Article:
So why have I not pushed this? Why have I always treated it as a ‘someday’ vocation, ideal, dream? I wish I knew, but I have theories…

First of all, I think I am a pretty unmotivated guy. I have always thought of myself as ‘accommodating of others’ or ‘easy going’ but I am beginning to see the dark side of this attitude – why did it take so long? bah! – the dark side of course is, ‘GET OFF YOUR ASS AND DO SOMETHING BUSTER!’

I WANT to do things from a big picture point of view, and I occasionally do too. But mostly, at any given moment in time, I’d rather read, or play video games, which I find horribly addictive, or watch movies, or play with my kids, or build stuff out of wood, or whatever…

I think the second big stumbling block for me has always been a lack of self confidence… a painful lack. Coupled with painful shyness and it is amazing I survived high school really! I have come a long way over the past 10 or 15 years, but that shy, un-confident kid-that-I-was, will never really go away completely.

… and maybe a fear of looking like a dumbass. Which is way worse than a simple fear of failure by the way. The fear of looking like a dumbass IS the fear of Failure, but coupled with the fear of looking like a Dumbass… in front of Others. Which totally sucks. The famous quote “It’s better to keep your mouth shut and have people think you a fool, than open it and prove them right,” has always stuck with me, and I have lived by it to a large extent, consciously or otherwise. I hate asking questions, I hate looking like I don’t know something, I hate not being perfect.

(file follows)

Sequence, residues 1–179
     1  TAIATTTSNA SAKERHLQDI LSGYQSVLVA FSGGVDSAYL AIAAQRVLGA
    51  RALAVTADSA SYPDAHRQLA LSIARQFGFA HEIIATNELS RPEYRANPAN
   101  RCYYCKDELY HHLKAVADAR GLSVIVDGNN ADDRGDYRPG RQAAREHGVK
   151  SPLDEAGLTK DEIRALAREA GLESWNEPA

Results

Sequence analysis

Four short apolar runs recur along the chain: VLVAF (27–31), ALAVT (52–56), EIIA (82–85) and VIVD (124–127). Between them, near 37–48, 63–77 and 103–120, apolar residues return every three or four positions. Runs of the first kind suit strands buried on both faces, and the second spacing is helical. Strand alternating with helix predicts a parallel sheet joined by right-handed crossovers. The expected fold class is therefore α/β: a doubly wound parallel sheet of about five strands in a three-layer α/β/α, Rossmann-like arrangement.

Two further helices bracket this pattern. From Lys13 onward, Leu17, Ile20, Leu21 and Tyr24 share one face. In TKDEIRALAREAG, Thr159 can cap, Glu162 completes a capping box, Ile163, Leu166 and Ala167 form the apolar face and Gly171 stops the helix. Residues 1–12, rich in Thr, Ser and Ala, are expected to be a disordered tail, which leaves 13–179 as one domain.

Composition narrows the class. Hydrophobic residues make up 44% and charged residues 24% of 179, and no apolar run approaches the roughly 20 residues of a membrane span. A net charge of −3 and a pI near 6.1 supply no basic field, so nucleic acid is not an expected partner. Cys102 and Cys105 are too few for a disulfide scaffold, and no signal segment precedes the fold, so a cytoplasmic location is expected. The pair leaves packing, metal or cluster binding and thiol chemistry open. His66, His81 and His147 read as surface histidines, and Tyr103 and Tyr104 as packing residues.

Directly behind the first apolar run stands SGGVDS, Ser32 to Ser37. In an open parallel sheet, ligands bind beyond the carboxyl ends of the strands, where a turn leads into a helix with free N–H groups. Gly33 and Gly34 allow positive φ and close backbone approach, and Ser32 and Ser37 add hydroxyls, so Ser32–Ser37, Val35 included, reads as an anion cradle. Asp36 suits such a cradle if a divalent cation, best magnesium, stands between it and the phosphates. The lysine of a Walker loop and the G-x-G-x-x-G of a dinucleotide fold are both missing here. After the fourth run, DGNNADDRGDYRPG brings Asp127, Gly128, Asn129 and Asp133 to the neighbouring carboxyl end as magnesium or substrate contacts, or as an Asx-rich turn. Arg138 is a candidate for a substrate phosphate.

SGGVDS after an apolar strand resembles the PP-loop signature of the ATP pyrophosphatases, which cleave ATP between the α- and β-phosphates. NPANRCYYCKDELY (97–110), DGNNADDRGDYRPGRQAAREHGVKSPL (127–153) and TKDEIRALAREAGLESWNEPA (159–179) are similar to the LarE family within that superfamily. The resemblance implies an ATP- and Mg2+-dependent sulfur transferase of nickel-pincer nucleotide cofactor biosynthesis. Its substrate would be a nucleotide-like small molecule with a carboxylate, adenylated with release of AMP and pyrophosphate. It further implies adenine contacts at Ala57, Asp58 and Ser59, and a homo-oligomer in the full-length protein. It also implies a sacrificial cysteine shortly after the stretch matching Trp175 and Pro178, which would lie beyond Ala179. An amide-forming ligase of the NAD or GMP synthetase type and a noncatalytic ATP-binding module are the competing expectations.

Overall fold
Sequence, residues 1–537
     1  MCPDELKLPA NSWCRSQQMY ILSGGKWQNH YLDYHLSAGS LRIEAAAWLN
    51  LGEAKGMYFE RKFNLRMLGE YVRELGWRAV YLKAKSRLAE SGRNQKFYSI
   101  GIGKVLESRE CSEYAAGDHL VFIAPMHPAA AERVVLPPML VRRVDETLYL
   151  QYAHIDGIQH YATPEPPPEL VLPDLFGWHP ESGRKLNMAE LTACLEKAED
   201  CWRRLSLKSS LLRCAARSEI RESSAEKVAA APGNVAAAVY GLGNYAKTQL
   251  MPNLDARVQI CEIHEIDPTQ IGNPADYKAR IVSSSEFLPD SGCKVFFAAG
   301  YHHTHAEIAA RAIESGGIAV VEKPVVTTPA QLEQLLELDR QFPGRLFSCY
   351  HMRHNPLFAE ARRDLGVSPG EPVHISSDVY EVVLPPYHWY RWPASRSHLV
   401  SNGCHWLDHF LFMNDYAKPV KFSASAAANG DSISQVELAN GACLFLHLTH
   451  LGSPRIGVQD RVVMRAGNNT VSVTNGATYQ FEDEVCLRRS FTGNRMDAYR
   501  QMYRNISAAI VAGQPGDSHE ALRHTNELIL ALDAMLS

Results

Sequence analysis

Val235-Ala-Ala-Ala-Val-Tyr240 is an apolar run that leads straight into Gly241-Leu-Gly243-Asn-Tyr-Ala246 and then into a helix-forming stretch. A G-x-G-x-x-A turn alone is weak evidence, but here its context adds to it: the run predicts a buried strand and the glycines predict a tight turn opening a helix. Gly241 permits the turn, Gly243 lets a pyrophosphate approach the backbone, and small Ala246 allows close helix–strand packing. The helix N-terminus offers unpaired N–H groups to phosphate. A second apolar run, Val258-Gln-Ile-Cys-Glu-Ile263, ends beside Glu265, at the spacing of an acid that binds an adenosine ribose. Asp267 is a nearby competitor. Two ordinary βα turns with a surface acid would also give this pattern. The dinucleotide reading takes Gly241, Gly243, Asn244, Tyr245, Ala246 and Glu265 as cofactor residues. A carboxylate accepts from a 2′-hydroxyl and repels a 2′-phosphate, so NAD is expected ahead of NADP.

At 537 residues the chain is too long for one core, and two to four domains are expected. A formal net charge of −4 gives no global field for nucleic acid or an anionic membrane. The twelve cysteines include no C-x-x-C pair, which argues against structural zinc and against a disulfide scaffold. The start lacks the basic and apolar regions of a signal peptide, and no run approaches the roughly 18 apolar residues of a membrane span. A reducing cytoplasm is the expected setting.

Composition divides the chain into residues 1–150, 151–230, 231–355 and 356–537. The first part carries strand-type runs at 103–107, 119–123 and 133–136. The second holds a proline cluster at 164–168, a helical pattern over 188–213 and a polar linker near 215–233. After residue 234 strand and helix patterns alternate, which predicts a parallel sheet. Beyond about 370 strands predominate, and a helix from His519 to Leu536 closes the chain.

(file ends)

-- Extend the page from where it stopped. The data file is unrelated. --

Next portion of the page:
And sometimes, these stoopid fears keep me from doing the things that I really want to do.

But, another thing I really hate is Regret. Being shy and self-conscious as a kid kept me from doing some of the things I wish I had done. Now-a-days, I hold those regrets close as reminders. Never open the door to regret, it’s a terrible bedfellow.

So with a simple reminder, to myself, that I do not want to get old and not have written is all I needed to hatch an action plan – Write. Every. Day.

I would love to be published… but I may never be. I would love to finish 40 novels, but I probably won’t. I would love to make a difference in somebody’s life using the power of the written word, but I likely never will.

But one thing I can do, is write. From now, until ever, this is a beginning, and I look forward to the ride.